No matter which theory one looks at though the bottom line is that each philosophy is based on the idea that everything possible should be done to encourage as much learning as possible. All philosophies are based on the fact that education should be about learning and that no matter how the learning takes place, what environment is takes place in or under what circumstances the edn result should be something was learned. Educational philosophy in general believes that in order for people to be successful and productive they must learn as much as possible and that this should be done by way of formal education.

eferences

Chinn, C. (2012). Epistemological Beliefs. etrieved from http://www.education.com/reference/article/epistemological-beliefs/

Evers, W.M. (2012). How Progressive Education Gets it Wrong.…… [Read More]

References

Chinn, C. (2012). Epistemological Beliefs. Retrieved from http://www.education.com/reference/article/epistemological-beliefs/

Evers, W.M. (2012). How Progressive Education Gets it Wrong. Retrieved from http://www.hoover.org/publications/hoover-digest/article/6408

Gray, P. (2009). Rousseau's Errors: They Persist Today in Educational Theory. Retrieved from http://www.psychologytoday.com/blog/freedom-learn/200902/rousseau-s-errors-they-persist-today-in-educational-theory?page=2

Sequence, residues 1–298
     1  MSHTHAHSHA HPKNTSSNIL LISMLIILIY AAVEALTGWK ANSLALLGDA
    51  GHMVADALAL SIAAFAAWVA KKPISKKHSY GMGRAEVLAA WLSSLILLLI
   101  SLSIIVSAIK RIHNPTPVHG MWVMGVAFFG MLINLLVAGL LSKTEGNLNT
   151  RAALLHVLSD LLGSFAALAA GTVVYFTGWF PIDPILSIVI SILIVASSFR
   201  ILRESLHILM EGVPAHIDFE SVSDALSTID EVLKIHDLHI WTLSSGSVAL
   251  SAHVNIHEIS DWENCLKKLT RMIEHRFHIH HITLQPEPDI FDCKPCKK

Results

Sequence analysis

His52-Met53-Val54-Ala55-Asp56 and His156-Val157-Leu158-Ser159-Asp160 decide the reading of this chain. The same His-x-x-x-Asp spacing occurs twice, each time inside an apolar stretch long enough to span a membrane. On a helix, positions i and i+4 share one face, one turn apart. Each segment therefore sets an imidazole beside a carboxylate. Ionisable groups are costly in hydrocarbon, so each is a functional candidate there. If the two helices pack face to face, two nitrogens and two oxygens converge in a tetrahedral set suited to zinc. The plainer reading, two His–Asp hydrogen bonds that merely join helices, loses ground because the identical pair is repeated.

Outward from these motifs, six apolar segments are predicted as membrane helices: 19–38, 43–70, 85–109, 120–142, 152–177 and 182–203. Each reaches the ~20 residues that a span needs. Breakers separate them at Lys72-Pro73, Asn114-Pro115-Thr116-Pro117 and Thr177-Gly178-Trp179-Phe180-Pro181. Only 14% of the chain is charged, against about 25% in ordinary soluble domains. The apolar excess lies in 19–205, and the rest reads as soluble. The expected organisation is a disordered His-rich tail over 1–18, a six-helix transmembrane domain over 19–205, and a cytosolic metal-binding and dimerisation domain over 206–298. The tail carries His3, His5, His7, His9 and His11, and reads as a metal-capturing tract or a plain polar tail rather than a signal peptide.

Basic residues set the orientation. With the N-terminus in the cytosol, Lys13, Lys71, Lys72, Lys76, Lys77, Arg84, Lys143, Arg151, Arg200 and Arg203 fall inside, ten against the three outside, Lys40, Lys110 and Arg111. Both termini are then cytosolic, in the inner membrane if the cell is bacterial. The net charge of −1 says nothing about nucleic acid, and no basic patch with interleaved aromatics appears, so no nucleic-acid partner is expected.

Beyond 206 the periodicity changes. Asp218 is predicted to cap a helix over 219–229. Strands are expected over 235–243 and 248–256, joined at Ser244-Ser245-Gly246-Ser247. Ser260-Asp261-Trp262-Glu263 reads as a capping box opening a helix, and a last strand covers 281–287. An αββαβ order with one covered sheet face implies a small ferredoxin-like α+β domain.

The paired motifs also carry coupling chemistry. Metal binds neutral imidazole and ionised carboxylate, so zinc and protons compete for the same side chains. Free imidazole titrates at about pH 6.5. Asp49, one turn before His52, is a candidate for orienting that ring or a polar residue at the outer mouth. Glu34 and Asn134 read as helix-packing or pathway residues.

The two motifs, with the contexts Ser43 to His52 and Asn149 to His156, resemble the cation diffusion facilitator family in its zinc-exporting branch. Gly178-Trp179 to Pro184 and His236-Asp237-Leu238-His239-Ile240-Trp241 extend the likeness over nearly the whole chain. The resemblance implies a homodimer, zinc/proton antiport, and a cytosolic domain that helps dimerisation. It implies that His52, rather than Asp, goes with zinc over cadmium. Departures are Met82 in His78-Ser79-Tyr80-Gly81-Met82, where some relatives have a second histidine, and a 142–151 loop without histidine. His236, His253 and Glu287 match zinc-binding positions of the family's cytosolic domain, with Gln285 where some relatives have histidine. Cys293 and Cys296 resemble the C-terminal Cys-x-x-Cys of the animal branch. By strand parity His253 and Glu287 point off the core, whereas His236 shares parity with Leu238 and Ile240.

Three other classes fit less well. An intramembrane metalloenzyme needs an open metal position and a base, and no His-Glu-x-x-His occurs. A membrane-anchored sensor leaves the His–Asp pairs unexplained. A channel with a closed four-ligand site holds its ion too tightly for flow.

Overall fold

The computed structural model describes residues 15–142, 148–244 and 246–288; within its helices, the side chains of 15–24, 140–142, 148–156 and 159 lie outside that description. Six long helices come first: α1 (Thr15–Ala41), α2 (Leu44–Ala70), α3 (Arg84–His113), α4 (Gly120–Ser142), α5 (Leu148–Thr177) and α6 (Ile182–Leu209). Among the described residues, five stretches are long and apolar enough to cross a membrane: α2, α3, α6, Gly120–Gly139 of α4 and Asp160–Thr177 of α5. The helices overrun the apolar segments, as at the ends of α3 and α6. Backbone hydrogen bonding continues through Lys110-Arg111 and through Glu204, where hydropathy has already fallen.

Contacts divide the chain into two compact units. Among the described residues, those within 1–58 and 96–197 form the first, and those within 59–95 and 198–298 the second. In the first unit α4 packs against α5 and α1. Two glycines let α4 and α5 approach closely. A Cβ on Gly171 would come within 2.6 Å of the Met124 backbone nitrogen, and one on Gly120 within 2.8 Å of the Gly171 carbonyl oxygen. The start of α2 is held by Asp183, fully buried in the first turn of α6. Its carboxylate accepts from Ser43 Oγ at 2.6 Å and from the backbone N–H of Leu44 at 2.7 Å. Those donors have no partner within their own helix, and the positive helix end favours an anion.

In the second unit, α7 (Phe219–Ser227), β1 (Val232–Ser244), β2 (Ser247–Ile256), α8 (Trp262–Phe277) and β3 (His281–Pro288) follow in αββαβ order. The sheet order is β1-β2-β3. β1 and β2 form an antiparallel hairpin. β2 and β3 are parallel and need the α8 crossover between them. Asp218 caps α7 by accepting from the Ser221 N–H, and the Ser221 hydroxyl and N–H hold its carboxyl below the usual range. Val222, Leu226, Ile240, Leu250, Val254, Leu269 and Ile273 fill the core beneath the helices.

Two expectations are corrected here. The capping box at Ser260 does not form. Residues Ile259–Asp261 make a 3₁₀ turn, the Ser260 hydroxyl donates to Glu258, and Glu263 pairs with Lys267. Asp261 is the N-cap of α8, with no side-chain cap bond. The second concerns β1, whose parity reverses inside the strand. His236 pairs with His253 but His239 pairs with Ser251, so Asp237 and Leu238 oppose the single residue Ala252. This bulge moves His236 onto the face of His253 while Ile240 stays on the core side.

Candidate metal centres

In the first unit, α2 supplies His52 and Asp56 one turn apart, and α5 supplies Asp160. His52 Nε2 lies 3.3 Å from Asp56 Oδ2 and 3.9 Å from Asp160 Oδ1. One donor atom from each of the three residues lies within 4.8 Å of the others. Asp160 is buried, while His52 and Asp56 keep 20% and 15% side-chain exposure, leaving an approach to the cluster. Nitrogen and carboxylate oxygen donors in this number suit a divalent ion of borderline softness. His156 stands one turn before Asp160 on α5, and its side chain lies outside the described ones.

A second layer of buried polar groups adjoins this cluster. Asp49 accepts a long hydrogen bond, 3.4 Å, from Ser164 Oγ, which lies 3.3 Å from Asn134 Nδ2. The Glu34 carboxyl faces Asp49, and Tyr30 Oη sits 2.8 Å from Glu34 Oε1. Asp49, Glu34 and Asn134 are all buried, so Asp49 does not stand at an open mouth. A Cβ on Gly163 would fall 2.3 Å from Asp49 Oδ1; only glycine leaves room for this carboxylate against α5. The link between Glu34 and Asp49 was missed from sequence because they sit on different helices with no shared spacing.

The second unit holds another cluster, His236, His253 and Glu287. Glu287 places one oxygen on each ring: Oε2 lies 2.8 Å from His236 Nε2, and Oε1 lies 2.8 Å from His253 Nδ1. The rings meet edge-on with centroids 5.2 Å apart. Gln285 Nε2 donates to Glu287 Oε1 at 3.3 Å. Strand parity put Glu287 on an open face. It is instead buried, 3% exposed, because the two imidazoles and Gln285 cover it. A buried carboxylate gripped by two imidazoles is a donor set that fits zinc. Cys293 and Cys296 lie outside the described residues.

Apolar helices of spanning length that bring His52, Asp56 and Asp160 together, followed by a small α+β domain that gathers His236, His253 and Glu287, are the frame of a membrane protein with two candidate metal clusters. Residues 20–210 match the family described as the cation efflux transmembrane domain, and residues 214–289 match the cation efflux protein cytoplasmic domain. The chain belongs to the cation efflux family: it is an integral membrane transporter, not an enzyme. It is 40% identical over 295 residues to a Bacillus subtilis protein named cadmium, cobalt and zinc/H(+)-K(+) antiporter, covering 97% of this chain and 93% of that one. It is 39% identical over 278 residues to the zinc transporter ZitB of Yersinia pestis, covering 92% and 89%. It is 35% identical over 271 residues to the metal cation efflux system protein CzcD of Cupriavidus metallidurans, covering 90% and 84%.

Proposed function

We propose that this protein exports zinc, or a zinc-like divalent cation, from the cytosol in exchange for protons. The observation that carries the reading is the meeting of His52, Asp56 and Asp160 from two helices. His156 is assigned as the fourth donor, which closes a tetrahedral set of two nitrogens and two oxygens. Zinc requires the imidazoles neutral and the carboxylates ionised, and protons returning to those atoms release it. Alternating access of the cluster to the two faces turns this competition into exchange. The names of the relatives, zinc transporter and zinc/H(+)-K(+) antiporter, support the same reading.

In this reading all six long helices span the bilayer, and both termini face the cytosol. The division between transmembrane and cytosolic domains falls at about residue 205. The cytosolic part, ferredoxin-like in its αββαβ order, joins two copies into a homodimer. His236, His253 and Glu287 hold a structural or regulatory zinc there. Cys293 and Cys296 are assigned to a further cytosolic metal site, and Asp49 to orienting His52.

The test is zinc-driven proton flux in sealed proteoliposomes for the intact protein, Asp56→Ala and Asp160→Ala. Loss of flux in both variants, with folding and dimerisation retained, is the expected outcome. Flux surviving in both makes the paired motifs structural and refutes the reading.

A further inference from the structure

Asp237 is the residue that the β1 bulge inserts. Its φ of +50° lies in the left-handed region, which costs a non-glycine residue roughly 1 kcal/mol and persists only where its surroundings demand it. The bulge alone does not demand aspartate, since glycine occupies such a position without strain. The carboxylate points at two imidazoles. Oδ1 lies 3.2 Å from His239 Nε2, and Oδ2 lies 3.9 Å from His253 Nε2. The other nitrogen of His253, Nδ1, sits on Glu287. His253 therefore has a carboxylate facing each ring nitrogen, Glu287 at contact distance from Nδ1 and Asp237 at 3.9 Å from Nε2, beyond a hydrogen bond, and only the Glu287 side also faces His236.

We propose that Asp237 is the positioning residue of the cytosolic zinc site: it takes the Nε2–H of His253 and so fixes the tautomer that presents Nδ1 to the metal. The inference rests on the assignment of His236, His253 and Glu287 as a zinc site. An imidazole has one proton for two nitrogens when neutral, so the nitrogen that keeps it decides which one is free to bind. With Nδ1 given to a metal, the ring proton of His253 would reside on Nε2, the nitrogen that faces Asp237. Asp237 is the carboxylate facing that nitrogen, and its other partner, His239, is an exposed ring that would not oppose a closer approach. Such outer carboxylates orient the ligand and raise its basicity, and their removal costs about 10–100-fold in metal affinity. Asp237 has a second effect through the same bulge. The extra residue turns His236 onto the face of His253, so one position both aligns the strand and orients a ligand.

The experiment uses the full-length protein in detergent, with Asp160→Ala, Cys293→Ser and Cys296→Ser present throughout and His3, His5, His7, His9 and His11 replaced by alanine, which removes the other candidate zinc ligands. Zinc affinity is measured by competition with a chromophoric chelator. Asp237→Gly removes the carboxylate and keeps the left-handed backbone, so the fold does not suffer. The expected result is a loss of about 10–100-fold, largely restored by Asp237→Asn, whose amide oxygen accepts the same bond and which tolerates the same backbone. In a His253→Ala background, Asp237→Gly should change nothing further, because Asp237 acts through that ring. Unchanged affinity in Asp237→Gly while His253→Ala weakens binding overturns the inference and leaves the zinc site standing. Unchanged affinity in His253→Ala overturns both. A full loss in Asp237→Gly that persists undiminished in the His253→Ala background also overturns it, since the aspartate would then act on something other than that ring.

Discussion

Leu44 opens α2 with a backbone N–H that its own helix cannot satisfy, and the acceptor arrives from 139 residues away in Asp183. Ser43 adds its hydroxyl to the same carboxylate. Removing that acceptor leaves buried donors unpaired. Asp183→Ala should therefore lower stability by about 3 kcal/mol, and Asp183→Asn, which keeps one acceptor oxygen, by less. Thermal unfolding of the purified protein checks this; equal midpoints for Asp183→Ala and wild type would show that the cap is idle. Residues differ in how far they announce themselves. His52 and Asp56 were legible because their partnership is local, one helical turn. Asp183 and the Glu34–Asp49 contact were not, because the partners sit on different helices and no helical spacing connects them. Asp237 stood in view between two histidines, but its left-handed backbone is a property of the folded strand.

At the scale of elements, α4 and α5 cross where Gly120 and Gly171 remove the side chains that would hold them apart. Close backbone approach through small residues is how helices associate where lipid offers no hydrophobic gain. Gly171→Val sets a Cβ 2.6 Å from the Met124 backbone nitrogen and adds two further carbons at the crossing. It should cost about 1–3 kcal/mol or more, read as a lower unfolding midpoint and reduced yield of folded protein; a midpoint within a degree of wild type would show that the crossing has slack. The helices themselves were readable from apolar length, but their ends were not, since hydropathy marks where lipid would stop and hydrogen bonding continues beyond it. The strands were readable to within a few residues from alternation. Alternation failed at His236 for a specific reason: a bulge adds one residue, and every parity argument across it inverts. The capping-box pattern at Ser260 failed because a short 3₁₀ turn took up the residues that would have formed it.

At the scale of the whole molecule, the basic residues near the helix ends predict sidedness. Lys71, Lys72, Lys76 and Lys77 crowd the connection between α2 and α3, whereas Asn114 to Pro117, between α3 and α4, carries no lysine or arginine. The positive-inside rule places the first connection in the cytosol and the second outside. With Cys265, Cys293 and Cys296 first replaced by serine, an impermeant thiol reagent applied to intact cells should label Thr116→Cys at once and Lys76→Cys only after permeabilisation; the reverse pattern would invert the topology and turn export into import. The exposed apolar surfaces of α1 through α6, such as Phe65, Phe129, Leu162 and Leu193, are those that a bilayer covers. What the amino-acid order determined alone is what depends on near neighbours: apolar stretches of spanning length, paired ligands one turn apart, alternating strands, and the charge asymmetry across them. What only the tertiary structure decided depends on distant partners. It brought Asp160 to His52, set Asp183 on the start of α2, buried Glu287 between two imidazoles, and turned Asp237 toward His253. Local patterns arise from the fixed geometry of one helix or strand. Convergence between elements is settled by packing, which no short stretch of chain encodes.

Jean-Jacques Rousseau on nature, wholeness and education. (2012). Retrieved from http://www.infed.org/thinkers/et-rous.htm
View Full Essay

Political Science Comparison of Leadership

Words: 3091 Length: 9 Pages Document Type: Essay Paper #: 3700418

(Ng, 1994, p. 93)

The philosophy of Confucius was based essentially on that of human relationships expanded to the sphere of the state, and even beyond into the cosmos. ight conduct and proper action among individuals and groups would result in an ordered universe, one that operated according to the proper laws. By cultivating these believes and following these rules one could hope to produce a society that was perfectly ordered and self-perpetuating. The Confucian ideal of leadership has endured today among many, not only in China, but in many parts of East Asia, and has even attracted followers in the West, for it addresses the issue of responsibility as a metaphor for virtue and harmony.

Far less idealistic were the ideas of the enaissance thinker, Niccolo Machiavelli. Machiavelli lived in Italy at a time when its various princes were contending for power. The region was riven by war and…… [Read More]

References

http://www.questia.com/PM.qst?a=o&d=97002683

Bassnett, S. (1988). Elizabeth I: A Feminist Perspective. Oxford: Berg Publishers.

A www.questia.com/PM.qst?a=o&d=37111890

Hanh, T.N. (2000). Three Zen Buddhist Ethics. In Striking a Balance: A Primer in Traditional Asian Values (pp. 98-140). New York: Seven Bridges Press.
View Full Essay

Civilized Societies Develop Rules and Laws That

Words: 1989 Length: 7 Pages Document Type: Essay Paper #: 89825192